The DeWine children and grandchildren played starring roles in the ceremonies: Ohio Supreme Court Justice Pat DeWine administered the oath, more than a dozen grandkids led the Pledge of Allegiance, and his daughter Anna Bolton and granddauther Izzy Darling introduced him. Fran DeWine, his wife of 51 years, held the family Bibles.

Caption
Ohio Lieutenant Governor Jon Husted during a public inauguration ceremony at the Ohio Statehouse, Monday, Jan. 14, 2019, in Columbus, Ohio. (Ty Greenlees, Dayton Daily News)

Ohio Lieutenant Governor Jon Husted during a public inauguration ceremony at the Ohio Statehouse, Monday, Jan. 14, 2019, in Columbus, Ohio. (Ty Greenlees, Dayton Daily News)
Caption
Ohio Lieutenant Governor Jon Husted during a public inauguration ceremony at the Ohio Statehouse, Monday, Jan. 14, 2019, in Columbus, Ohio. (Ty Greenlees, Dayton Daily News)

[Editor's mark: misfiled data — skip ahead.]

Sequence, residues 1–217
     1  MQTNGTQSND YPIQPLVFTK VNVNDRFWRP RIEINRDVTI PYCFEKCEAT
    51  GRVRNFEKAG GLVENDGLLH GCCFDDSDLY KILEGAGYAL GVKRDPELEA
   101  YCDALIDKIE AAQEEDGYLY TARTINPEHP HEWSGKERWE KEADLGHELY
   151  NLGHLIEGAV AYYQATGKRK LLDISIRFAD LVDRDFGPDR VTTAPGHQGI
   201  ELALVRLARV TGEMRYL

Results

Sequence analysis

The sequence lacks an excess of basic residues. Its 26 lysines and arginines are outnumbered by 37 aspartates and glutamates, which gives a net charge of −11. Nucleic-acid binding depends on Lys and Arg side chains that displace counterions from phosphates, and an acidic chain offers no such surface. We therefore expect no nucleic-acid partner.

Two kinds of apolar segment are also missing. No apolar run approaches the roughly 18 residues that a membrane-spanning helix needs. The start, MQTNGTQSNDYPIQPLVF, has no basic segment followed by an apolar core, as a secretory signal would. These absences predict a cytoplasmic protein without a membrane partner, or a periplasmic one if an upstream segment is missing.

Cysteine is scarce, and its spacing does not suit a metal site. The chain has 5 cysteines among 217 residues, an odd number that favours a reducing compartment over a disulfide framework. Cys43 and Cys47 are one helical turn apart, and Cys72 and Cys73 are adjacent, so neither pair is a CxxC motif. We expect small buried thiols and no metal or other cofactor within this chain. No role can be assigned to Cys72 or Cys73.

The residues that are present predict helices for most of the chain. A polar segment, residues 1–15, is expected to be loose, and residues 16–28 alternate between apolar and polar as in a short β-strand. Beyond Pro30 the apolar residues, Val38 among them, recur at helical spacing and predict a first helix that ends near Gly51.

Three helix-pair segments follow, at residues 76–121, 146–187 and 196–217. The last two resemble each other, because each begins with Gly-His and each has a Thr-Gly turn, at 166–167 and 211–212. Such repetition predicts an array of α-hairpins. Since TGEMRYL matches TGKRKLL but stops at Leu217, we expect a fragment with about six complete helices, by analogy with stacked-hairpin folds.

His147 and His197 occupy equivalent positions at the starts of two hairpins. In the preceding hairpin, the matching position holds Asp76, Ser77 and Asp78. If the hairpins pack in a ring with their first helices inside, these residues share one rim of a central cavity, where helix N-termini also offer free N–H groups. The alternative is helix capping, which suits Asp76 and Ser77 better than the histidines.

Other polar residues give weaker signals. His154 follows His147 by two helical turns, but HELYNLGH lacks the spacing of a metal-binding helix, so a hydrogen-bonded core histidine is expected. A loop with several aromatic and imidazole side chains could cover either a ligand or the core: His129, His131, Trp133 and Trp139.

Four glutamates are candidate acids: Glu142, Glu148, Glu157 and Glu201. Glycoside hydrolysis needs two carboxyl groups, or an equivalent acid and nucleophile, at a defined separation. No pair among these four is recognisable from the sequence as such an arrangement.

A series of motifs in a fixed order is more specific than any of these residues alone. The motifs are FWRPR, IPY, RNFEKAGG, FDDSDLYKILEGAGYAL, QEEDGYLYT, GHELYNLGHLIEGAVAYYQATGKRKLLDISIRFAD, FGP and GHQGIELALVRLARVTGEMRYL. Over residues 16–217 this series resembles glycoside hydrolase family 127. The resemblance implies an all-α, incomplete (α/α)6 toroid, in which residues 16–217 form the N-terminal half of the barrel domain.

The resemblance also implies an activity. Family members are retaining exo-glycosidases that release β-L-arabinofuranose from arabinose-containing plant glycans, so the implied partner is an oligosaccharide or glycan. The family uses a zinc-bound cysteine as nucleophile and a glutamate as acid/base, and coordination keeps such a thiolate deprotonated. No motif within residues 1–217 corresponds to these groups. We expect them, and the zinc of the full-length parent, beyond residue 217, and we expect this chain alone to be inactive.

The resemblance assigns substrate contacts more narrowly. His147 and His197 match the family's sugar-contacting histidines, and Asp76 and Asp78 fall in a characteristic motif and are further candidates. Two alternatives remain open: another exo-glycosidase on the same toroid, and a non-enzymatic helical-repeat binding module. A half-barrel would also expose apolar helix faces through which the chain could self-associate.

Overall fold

“She is the love of my life. She is the rock of our family. She is my best friend,” Mike DeWine said of Fran during his inaugural address. He said he would not be governor without her.

The new governor became emotional when talking of the absence of his daughter Becky, who was killed in an auto accident age age 22 in 1993.

ExploreRELATED: DeWine takes official oath at his Greene County home

DeWine, 72, was officially sworn in shortly after midnight at his home in Cedarville, becoming the first governor from the Miami Valley in nearly 100 years and the only one from Greene County in Ohio history. He immediately signed a half-dozen executive orders, setting up protections against discrimination and establishing his initiatives on children and drug addiction recovery.

With more than four decades in public office, DeWine has said he prepared his entire life for the job of governor. He started off as Greene County prosecutor and then Ohio state senator, U.S. representative, lieutenant governor, U.S. senator and then state attorney general.